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About a Boy

Limmensità-movie-review-penélope-cruz-luana-giuliani
Courtesy of Sundance Institute

MOVIE REVIEW
L'Immensità (2023)

Andrew (he/him), played by Luana Giuliani, is a perpetually dour teen unpleasant to his younger siblings. Against his wishes, his parents, Clara (Penélope Cruz) and Felice (Vincenzo Amato), continue to misgender him and call him by his dead name, Adri. They seem to think this is a phase he should have outgrown by now. Andrew also begrudgingly attends a girls’ Catholic school where the uniform is of course far from gender-affirming for him. When alone, he asks God to send him a sign – which appears to manifest in black-and-white TV performances of ’60s Italian pop singers, or maybe in the form of a slum off the beaten path beyond the wire-fenced reeds Clara has designated as out of bounds. Having a clean slate there would certainly afford Andrew the chance to romantically pursue Sara (Penélope Nieto Conti).

In the background, domestic discord lurks. Felice always gets home late; and Andrew and his siblings often overhear the rancor and abuse taking place in a nearby room. On a family vacation, Clara witnesses Felice getting handsy with another woman. And shortly thereafter, Felice’s secretary, María (India Santella), turns up to announce her pregnancy. It’s unclear if any of this provides context central to Andrew’s gender crisis or if it’s meant to be some sort of Almodóvar homage with Ms. Cruz looking miserable in a melodrama draped with midcentury modern décor. Also seemingly just as arbitrary is Andrew’s fascination with TV appearances by Italian singers like Patty Pravo and Don Backy, despite this surfacing in one of the film’s pivotal scenes.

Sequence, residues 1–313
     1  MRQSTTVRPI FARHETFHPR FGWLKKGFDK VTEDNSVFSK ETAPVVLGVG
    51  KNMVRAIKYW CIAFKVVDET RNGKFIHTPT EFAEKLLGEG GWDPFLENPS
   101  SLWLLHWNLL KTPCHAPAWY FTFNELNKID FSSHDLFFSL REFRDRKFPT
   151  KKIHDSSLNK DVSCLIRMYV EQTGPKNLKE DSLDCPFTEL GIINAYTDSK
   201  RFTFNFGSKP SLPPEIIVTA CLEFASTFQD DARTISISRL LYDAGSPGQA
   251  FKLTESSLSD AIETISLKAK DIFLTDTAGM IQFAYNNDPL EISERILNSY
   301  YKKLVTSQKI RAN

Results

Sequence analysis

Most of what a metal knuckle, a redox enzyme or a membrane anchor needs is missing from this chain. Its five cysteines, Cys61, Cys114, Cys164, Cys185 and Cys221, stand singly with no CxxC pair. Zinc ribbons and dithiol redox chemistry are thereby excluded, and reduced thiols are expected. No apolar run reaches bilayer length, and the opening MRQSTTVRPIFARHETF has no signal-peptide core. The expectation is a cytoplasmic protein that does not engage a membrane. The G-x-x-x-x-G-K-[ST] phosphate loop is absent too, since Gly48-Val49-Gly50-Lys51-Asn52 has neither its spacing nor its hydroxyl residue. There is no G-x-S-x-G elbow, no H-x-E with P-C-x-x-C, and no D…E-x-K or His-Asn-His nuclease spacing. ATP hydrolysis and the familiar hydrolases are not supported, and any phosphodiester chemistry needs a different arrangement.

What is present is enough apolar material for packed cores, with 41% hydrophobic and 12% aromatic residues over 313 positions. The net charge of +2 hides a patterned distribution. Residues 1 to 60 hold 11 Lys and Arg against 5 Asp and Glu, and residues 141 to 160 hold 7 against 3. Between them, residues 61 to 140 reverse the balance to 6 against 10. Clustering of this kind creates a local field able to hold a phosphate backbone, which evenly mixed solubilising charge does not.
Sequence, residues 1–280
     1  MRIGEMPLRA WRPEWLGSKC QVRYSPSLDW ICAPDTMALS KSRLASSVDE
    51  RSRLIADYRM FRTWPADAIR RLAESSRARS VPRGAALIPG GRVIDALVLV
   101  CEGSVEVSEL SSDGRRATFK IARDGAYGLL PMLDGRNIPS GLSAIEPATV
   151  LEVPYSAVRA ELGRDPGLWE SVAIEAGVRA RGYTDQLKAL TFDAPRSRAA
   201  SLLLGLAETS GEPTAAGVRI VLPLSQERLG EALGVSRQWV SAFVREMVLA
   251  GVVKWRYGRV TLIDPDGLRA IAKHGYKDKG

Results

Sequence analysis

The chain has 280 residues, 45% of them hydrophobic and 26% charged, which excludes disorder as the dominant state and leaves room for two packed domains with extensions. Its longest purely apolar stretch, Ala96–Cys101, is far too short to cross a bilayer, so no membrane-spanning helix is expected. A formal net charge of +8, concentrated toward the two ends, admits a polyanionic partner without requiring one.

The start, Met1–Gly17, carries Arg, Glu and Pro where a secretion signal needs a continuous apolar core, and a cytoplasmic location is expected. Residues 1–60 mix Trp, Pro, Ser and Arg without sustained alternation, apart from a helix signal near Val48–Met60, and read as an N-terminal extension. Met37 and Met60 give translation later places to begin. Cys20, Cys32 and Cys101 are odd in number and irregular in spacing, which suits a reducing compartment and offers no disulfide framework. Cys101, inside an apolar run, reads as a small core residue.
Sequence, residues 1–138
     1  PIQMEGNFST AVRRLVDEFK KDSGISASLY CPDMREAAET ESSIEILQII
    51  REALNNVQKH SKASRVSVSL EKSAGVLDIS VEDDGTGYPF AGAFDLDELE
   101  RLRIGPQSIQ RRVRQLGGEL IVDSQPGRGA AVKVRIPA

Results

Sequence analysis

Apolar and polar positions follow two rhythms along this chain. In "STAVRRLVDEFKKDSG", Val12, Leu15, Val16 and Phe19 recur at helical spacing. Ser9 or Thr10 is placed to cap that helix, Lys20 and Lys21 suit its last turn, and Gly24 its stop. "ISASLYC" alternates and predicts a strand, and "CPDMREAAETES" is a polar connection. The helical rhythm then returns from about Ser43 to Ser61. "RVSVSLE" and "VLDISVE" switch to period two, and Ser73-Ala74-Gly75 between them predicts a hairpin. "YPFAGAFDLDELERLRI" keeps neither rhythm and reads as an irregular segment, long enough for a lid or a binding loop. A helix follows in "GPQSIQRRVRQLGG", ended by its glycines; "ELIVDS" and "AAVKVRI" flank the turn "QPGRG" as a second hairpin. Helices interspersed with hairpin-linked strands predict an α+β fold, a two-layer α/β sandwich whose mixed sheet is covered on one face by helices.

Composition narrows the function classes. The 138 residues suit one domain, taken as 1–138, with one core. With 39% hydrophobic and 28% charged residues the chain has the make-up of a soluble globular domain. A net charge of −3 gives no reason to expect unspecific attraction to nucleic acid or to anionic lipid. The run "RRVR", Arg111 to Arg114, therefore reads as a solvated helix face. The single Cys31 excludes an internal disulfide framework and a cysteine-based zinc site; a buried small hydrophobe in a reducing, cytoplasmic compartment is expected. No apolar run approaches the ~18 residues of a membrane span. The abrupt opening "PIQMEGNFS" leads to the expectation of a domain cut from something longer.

Men are scum, yes? Felice aside, Clara apparently also has to endure harassment from catcallers. Devoid of any positive male role model, it boggles the mind that Andrew aspires to be a man. Everything and everyone in this universe, created by director-cowriter Emanuele Crialese, feels one-dimensional. Andrew is entirely characterized by his gender, just as Clara is entirely defined by her marital woes. Felice is over the top negative without a trace of a redeeming quality. The various anecdotes, while somewhat interesting on their own, really don’t explain the characters or add anything to the narrative. To be sure, they say nothing about gender identity, or hellish marriages either, even as Andrew’s baby brother begins defecating all over the house and Clara finally checks into a sanatorium. There really isn’t a whole lot going on here beyond just vacuous vibes.

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